Crowdfunding has boomed in recent years. But is it all gold that shines or are there also major pitfalls.
The figures on the development of crowdfunding are impressive. In 2012, the market still accounted for 14 million. In 2013 that was already 32 million. the largest share is used for companies, the average value of which in 2013 was already 75,000.
On the other hand, there is a continuing contraction of credit granted to SMEs by banks. In particular, the smaller loans, up to 250,000, had to suffer. with an average shrinkage of 1.6% over the last quarters.
Although the correlation between the two has not yet been clearly demonstrated, it is generally accepted that entrepreneurs, partly due to the shrinking lending, resort to crowdfunding. It is therefore hip and modern.
Types of crowdfunding.
Crowdfunding can be distinguished according to three types of funding.
Donation. The investor provides financing without requiring any further consideration. Charities in particular make use of this.
Loans. The funder receives its loan back over time, but often depends on the duration that can be long and an interest that is usually low.
Shares. The investor takes shares in the project with no promise of repayment. The investor expects or hopes that the project will pay off and on that basis earn back his investment.
Crowdfunding can be very lucrative for investors through equity participation. Because there is no further expensive overhead, high returns are promised that can reach up to 12%.
Another advantage is that the investor can invest specifically in those things that he finds important or that he is interested in. That is quite different from participating in investment funds that are often very opaque.
As a result, projects that are not funded by the regular market still have a chance.
The major advantage for the project provider is the high involvement and feedback from its investors, which allows it to use its investors as a marketing tool and to have direct feedback on its project. This can improve the chance of success.
Because high-risk projects can still receive funding, it offers more scope for innovations that would otherwise never have been born.
For the investor, there are still some risks involved. For example, there are no guarantees. The investor bears the full risk.
Claiming it back is a tricky business. Each investor must separately try to get his money back from the project provider who is often not financially wealthy through a legal procedure. [the bald chicken]
Assessing the risks is very difficult unless you are completely at home in the market where the project provider is active. Nor can the investor get a picture of the private situation of the project provider. So the provider has all his things in order.
Crowdfunding is a floor drain. Banks do not usually lend to projects for very good reasons. They have extensive risk models for this. The project provider can still collect money through crowdfunding, but that means that there is a high risk to the project. Something that is often overshadowed by the fact that crowdfunding is hyped via social media.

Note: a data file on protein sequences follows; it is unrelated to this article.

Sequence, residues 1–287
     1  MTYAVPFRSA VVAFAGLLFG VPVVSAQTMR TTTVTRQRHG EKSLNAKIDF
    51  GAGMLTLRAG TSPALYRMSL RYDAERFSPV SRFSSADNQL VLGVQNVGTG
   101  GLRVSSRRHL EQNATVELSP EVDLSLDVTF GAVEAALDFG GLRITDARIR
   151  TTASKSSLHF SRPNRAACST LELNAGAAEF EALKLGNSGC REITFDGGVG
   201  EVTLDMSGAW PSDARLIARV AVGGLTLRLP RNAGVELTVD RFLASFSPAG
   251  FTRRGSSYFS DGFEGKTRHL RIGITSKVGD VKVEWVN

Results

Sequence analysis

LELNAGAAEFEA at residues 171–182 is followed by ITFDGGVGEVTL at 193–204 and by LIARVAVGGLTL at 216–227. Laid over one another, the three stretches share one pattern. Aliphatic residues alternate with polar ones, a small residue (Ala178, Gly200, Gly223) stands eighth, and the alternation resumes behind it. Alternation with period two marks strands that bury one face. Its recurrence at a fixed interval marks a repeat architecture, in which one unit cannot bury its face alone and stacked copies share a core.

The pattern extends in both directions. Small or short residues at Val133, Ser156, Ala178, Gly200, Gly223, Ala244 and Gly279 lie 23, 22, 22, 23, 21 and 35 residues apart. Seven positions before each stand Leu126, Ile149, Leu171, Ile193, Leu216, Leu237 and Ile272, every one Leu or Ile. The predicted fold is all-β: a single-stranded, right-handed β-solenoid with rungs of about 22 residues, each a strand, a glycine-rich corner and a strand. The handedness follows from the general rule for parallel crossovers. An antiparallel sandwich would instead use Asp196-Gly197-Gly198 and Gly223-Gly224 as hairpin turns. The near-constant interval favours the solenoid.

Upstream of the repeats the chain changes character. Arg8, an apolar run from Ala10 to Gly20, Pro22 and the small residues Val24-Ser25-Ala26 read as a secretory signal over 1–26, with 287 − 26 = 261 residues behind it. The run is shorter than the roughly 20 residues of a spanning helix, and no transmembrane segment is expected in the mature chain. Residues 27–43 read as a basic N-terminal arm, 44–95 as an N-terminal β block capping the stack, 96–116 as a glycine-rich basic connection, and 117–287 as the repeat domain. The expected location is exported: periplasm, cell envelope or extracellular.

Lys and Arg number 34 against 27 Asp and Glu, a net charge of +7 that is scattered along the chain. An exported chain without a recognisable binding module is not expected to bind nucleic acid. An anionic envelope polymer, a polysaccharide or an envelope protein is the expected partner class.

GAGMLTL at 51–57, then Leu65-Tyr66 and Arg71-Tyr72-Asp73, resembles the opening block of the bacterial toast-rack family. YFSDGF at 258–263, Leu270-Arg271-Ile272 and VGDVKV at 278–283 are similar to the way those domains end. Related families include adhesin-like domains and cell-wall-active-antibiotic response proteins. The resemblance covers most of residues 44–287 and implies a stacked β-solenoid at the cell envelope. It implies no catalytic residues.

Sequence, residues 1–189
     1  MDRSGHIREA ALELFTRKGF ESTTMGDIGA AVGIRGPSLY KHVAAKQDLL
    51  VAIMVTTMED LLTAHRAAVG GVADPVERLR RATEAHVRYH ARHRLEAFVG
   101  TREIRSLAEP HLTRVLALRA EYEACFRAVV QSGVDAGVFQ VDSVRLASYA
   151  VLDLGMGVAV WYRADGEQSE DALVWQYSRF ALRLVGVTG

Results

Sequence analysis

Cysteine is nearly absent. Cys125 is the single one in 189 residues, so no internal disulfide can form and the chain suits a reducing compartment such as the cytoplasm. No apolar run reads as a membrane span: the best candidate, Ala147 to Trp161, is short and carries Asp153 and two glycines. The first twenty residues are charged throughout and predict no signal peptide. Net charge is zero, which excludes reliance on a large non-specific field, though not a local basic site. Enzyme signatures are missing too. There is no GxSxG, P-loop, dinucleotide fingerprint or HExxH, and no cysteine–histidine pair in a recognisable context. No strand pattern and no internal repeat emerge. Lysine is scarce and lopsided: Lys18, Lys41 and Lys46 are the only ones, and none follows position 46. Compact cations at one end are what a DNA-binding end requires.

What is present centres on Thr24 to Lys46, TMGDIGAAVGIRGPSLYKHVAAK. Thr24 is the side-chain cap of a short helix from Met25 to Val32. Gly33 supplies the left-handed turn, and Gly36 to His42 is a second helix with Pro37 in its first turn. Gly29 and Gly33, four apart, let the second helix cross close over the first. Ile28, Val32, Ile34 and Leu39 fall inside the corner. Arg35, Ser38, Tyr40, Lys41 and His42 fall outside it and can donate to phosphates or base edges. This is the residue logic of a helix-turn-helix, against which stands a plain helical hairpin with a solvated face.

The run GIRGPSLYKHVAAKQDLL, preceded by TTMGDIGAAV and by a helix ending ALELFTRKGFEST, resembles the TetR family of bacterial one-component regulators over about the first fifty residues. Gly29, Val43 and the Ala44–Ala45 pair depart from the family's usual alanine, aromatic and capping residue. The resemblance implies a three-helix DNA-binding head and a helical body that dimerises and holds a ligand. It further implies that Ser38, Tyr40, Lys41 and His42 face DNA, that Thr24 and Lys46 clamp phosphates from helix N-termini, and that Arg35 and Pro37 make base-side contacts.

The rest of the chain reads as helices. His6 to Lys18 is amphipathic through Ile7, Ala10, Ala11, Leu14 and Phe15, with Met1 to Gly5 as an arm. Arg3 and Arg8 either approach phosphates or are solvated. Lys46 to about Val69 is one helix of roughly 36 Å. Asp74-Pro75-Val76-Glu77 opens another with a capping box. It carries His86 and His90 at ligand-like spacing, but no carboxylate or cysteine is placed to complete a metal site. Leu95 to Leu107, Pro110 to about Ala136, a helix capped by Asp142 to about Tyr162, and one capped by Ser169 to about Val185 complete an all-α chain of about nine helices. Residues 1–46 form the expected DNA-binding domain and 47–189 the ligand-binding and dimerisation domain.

Don’t be blind to returns or hypes. Unless it concerns marginal amounts for you and you mainly invest from a social commitment. Shield your risks.
Information is always important. Crowdfunding platforms often provide some information, but it is recommended that you also conduct specific research yourself into the project, the market and the provider. Has this done projects more often? What was the result?
Ask if there has also been a credit application with a bank and why it has been rejected.
Don’t invest in things you don’t understand or know. Certainly not if you are going to invest significant amounts.
Solution or symptom?
Is crowdfunding a solution or a symptom? Actually both. Crowdfunding has grown from charitable and social views, with the poor reputation and performance of banks having triggered many people to take the plunge. Both from the supplier and the investor side.
The crowdfunding entrepreneurial market will continue to grow and as such will become a serious competitor for banks, especially when it comes to small credit. It will not be able to become a full-fledged replacement because, on the one hand, it will continue to involve smaller amounts and, on the other hand, because the risk profile is high and it has no guarantees. The market can still professionalise further, especially if the platforms provide more information and ensure better screenings of projects and providers. In doing so, they reduce the risks for investors.
For small private projects, such as in care, people will continue to depend on the social attitude of the environment. This will always involve voluntary donations. This market offers only very limited prospects because the growth in the number of mini-projects means that the willingness and ability of citizens to invest in them is limited. It will then remain with incidental actions that are accidentally hyped, but will not be a solid basis for financing.